Reap the Benefits of Fat Soluble Vitamins
While I was in the bloodmobile recently, I had time to ponder the health benefits I am offering to whomever gets the blood I was donating. I eat well, exercise and pay special attention to the nutrients in my diet, some of them being the critically important fat-soluble vitamins, A, D, E and K. I include good quality fats in my diet that are required for proper absorption of the fat-soluble vitamins in my food. Why are these vitamins so important, where do we find them and how do we make sure our bodies can use them?
Let's start with Vitamin A, which is a crucial anti-oxidant vitamin. We are exposed to our sometimes-toxic environment, and oxidation can cause cellular damage and sometimes cancer. Anti-oxidants help protect us and prevent this damage.
Vitamin A was the first named vitamin. It is also known as retinol or preformed vitamin A. One way to remember an important use of vitamin A (retinol) is that it supports an important function in our eyes' retina. The retina uses vitamin A to produce a pigment known as "visual purple." This pigment, which helps the rods detect light, cannot be made without vitamin A. Night blindness is an early sign of vitamin A deficiency.
Vitamin A is also needed for general cellular growth and bone cell repair, and for healthy teeth. The base layer of our skins and our inner skin layers need vitamin A to maintain their structural integrity. Vitamin A protects our bodies' tissues during infections and helps promote healing by supporting our bodies' mucosal linings.
One of the best sources of vitamin A (and D) is cod liver oil (CLO). I know some of you have less than fond memories of having the "pleasure" of receiving a daily tablespoon of this not very yummy oil in your youth. Fortunately CLO is now available in tasty citrus-flavored versions, or in easy-to-swallow capsules.
Another source is pro-vitamin A, commonly known as carotenes, which are found in greens such as kale, and yellow vegetables such as carrots, yellow squash and pumpkins. There is a common belief that we can convert carotenes to vitamin A. It's not quite that simple…children under the age of five, and anyone with liver or thyroid issues, may not be able to convert carotenes to vitamin A.
Next we have vitamin D (calciferol), which is important for absorption of calcium, needed for maintaining bone health, especially during menopause. Vitamin D is involved in our bodies' immune function, and can help prevent inflammation.
Our skin, bloodstream and kidneys are involved in vitamin D production and utilization. With the help of cholesterol, we produce vitamin D in our skin when exposed to ultra-violet or sunlight. Supplementation of vitamins A & D as found in cod liver oil is important for Willamette Valley residents because of our long dark winters.
Dr.Wayne Graveline MD, a retired NASA astronaut and physician, has studied the connection between the use of cholesterol-lowering statin drugs such as Lipitor and the growing issue of vitamin D deficiency. Because we need cholesterol to produce vitamin D and statin drugs prevent the production of cholesterol, as the saying goes, "Houston, we have a problem!"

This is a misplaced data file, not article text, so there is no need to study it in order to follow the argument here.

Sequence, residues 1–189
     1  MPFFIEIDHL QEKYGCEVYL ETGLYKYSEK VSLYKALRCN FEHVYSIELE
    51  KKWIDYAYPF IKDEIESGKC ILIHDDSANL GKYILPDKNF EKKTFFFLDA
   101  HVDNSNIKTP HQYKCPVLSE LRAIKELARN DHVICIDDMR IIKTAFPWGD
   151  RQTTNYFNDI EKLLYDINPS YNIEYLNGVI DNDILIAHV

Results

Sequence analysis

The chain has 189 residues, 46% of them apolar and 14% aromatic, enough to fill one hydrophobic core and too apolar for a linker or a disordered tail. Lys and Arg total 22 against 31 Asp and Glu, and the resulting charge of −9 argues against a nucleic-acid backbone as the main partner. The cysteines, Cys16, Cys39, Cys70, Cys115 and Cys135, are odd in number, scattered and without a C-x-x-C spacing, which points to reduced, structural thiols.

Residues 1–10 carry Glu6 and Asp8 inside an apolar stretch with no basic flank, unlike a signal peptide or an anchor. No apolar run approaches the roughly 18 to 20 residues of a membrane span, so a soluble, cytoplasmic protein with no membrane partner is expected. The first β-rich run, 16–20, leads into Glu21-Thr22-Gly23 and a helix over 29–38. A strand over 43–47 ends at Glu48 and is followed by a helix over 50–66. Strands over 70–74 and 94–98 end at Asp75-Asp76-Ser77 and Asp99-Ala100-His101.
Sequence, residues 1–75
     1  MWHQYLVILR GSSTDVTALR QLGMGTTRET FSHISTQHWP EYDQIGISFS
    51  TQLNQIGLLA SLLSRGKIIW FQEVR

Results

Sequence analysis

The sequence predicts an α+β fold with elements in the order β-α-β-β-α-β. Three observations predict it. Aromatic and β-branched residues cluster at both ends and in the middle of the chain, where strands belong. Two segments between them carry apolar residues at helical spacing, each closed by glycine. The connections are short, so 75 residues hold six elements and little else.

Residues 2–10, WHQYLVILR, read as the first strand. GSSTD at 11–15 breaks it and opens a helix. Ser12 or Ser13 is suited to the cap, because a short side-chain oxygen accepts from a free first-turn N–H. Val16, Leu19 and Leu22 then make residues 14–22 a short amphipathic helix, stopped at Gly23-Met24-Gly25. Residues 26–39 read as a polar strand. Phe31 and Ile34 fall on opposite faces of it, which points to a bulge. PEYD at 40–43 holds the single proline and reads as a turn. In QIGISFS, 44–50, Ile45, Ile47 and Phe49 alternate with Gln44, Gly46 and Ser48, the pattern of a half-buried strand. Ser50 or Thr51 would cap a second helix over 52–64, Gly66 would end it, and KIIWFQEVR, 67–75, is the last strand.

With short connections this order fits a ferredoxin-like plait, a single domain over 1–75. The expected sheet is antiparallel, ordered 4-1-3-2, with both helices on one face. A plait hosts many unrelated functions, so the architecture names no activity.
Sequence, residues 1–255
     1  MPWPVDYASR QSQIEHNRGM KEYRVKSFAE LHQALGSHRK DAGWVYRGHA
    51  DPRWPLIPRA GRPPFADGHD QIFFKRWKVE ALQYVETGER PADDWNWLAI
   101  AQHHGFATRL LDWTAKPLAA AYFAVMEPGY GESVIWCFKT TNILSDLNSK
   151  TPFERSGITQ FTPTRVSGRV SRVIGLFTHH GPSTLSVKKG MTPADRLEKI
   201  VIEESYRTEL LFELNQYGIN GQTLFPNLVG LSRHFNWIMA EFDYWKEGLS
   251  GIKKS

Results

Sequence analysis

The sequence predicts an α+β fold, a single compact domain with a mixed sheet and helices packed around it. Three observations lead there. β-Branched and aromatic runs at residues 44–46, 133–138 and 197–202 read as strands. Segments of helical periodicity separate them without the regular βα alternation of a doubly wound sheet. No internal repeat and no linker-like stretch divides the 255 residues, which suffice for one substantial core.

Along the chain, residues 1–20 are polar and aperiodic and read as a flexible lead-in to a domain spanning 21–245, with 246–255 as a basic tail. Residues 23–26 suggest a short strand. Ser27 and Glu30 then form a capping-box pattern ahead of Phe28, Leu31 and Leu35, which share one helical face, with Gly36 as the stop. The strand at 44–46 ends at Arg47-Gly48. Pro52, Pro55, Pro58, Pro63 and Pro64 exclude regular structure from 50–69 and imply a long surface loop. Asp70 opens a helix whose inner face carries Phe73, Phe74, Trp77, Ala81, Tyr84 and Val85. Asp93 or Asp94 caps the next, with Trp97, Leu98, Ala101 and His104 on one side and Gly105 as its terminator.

Discovered in 1922, Vitamin E is also known as tocopherals and tocotrienols, the most commonly supplemented being alpha-tocopherol. Vitamin E speeds up the healing process, is an important anti-oxidant, supports immune function and, according to Dr. Elson Haas MD in Staying Healthy with Nutrition, works with vitamin A to maintain healthy cholesterol levels.
Because hormone therapy with estrogen reduces the effect of vitamin E, additional supplementation is indicated. The trace mineral selenium, which is lacking in our local soils, is an important co-factor in vitamin E's anti-oxidant support.
Vitamin K got its name from the Danish word "koagulation," and supports blood clotting. Vitamin K1 (phylloquinone) is found in nature (alfalfa), Vitamin K2 (menaquinone) is produced in our intestinal tract and there is synthetic version K3, which has twice the activity as a blood-clotting agent as the two natural forms.
Ongoing supplementation with vitamin K should only be done with the monitoring of your physician. Many people use Coumarin (from sweet clover) to prevent clotting and should not supplement the competing vitamin K at the same time.
Deficiencies of vitamin K are uncommon because our bodies are usually able to store and use what we require of this important vitamin.
I have just touched the surface of the importance of these fat-soluble vitamins. In our quest for longevity and the best quality of life, let's remember to eat our healthy foods and fats, giving our bodies the ability to absorb these critical vitamins.
Yaakov Levine, NTP
About the Author:
Born and raised in the New York area, Yaakov has made his home in Oregon since 1998. He brings his passion for healthy nutrition and herbal medicine to his practice as a Nutritional Therapist and Herbalist.
Yaakov is an avid researcher and writer. He has a regular column in the Creswell Chronicle, and writes for the NTA Newsletter. He has been involved in the natural products industry for many years as a retailer, manufacturer, and educator. Yaakov has participated in the Breitenbush Herbal Conference since 1997 and is now a conference organizer, and has staffed the NW HerbFest since it’s inception in 2005.
In 2007 he received his certification as a Nutritional Therapy Practitioner. Yaakov is currently practicing as a Nutritional Therapist/Herbalist and is the Assistant Instructor for the NTP training class in Eugene, OR.
He can be reached at (541) 895-2427 or email@example.com
Additional Training: Medical Herbalism, Homeopathy and Flower Essences therapies.
Yaakov’s newspaper column link:
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